27. Nina Pelikan Straus (2007). Grand Theory on Trial: Kafka, Derrida, and the Will to Power. Philosophy and Literature 31 (2):378-393.score: 450.0
  28. G. Watts Cunningham (1919). On Nietzsche's Doctrine of the Will to Power. Philosophical Review 28 (5):479-490.score: 450.0
    Direct download (4 more)  
     
    My bibliography  
     
    Export citation  
  29. Jacques Taminiaux (1999). On Heidegger's Interpretation of the Will To Power As Art. New Nietzsche Studies 3 (1-2):1-22.score: 450.0
  30. Scott Simmons (1996). A Concordance Indexing The Will to Power With the Critical Editions of Nietzsche's Collected Works (KGW & KSA). New Nietzsche Studies 1 (1-2):126-153.score: 450.0
    Direct download (5 more)  
     
    My bibliography  
     
    Export citation  
  31. Iain Morrisson (2001). Slave Morality, Will to Power, and Nihilism in On the Genealogy of Morality. International Studies in Philosophy 33 (3):127-144.score: 450.0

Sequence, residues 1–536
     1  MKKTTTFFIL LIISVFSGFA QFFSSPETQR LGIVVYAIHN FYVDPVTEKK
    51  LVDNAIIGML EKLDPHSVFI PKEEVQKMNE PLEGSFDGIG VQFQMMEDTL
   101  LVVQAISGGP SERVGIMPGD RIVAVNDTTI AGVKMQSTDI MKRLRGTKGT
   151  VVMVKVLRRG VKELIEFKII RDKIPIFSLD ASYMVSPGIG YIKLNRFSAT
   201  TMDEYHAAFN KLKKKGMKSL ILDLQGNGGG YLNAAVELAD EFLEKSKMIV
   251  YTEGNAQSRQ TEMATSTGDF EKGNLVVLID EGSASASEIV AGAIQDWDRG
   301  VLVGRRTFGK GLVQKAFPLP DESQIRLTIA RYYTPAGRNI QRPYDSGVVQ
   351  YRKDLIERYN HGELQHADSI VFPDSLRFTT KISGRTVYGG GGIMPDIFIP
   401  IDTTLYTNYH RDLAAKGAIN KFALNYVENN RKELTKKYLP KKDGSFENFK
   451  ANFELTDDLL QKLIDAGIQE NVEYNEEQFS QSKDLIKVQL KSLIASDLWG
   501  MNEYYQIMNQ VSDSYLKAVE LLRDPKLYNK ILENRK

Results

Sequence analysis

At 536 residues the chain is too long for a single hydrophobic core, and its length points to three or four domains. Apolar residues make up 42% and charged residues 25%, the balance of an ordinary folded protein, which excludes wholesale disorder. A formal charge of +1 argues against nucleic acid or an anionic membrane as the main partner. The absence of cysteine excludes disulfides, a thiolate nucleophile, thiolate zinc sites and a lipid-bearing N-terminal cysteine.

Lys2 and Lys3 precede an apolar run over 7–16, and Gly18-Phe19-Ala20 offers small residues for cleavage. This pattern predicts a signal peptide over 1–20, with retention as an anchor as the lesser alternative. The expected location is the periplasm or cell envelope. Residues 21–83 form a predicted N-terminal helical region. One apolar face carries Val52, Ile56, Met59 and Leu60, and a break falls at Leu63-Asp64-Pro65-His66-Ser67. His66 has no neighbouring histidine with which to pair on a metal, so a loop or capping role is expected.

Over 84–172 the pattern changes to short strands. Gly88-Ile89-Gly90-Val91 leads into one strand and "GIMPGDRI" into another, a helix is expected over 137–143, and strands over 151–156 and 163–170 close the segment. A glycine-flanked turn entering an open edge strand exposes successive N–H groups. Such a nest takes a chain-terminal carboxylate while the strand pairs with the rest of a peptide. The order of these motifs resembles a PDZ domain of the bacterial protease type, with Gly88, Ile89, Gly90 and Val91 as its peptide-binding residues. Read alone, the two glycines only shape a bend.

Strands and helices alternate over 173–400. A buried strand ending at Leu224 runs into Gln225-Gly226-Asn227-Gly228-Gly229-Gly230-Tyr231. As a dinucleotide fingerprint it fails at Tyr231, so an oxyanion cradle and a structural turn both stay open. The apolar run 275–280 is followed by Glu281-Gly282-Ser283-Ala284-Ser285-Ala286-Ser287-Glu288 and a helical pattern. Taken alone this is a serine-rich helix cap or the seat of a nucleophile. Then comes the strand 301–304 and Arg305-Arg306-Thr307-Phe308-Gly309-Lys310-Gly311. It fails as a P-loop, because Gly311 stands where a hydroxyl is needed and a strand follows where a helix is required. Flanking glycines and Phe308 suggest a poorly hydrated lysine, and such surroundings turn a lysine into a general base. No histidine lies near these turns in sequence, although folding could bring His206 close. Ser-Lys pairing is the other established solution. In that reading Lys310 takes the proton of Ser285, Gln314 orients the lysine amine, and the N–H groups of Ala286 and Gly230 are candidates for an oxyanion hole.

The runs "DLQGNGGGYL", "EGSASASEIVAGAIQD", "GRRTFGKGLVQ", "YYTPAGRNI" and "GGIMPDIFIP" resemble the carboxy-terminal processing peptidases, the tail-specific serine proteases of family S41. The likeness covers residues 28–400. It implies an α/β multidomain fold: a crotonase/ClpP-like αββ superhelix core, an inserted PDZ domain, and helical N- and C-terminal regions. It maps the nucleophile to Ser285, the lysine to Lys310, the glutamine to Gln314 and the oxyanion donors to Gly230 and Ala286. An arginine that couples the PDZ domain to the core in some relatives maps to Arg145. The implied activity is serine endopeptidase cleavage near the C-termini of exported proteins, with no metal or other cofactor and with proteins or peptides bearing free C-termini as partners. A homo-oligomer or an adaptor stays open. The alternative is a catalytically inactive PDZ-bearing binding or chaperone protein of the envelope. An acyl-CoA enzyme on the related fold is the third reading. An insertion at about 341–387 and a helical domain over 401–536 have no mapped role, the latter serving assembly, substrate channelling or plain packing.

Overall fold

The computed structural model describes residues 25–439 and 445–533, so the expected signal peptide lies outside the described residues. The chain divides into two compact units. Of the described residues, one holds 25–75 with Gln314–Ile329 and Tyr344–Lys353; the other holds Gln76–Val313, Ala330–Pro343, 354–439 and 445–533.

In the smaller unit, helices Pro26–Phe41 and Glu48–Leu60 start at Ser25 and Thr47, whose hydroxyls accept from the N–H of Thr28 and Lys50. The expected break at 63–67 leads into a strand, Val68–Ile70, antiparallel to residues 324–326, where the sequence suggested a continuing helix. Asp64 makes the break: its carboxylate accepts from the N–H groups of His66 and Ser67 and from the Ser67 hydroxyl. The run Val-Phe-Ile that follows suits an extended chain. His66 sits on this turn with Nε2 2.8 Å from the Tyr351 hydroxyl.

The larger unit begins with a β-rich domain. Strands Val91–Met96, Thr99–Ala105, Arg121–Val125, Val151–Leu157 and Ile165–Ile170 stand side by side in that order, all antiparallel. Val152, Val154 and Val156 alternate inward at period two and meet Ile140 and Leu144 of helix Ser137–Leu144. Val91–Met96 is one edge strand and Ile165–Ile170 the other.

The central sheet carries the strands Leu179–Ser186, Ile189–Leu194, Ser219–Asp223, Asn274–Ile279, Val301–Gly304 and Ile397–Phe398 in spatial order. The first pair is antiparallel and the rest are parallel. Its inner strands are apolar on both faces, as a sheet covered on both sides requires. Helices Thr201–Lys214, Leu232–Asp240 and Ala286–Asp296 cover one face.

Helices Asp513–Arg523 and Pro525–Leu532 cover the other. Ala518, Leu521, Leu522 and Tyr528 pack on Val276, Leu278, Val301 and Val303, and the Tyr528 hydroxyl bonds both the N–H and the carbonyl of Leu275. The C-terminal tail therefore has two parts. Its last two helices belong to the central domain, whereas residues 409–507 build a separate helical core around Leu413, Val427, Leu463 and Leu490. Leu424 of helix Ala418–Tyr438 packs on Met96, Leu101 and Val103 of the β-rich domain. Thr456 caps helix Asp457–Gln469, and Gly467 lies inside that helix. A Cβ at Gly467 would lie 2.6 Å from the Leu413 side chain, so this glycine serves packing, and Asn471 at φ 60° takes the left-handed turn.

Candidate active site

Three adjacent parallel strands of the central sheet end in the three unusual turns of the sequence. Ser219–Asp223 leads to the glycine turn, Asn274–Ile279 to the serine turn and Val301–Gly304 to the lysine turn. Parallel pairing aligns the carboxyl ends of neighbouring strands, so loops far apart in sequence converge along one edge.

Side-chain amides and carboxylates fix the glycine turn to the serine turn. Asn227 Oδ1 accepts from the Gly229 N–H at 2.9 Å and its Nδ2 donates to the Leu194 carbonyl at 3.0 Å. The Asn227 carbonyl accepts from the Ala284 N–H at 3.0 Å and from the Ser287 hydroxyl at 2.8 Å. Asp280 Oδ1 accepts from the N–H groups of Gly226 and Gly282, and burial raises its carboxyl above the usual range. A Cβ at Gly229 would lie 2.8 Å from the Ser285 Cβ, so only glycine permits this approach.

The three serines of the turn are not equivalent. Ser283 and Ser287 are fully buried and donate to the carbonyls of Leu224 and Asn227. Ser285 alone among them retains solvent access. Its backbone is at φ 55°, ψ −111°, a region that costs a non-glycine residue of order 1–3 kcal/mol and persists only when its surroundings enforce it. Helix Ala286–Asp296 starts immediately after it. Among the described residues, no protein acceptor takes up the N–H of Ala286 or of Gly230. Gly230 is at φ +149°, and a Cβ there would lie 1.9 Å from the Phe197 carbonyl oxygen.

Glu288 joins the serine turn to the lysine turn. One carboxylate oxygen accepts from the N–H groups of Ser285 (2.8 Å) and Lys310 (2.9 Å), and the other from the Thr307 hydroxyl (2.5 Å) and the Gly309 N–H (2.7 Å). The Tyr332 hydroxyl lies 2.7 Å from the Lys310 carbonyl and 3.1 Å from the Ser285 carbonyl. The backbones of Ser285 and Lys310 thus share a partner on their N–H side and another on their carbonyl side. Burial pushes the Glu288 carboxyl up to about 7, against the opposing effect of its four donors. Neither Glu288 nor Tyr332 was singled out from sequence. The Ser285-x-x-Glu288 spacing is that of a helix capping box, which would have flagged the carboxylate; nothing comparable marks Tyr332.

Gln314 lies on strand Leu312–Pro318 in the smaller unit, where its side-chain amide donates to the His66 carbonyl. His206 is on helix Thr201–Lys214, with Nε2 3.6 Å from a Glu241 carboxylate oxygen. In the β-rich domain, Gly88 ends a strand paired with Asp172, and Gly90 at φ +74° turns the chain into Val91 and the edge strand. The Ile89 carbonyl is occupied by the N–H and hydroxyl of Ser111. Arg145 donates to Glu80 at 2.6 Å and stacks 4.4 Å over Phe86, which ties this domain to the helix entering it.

No categories
    Direct download (4 more)  
     
    My bibliography  
     
    Export citation  
  32. David Owen (2000). Is There a Doctrine of Will to Power? International Studies in Philosophy 32 (3):95-106.score: 450.0
    No categories
    Direct download (5 more)  
     
    My bibliography  
     
    Export citation  
  33. B. C. Sax (1982). Book Review:Nietzsche. Vol. 1: The Will to Power as Art. Martin Heidegger. [REVIEW] Ethics 92 (4):761-.score: 450.0
  34. Linda L. Williams (1996). Will to Power in Nietzsche's Published Works and the Nachlass. Journal of the History of Ideas 57 (3):447-463.score: 450.0
    Direct download (3 more)  
     
    My bibliography  
     
    Export citation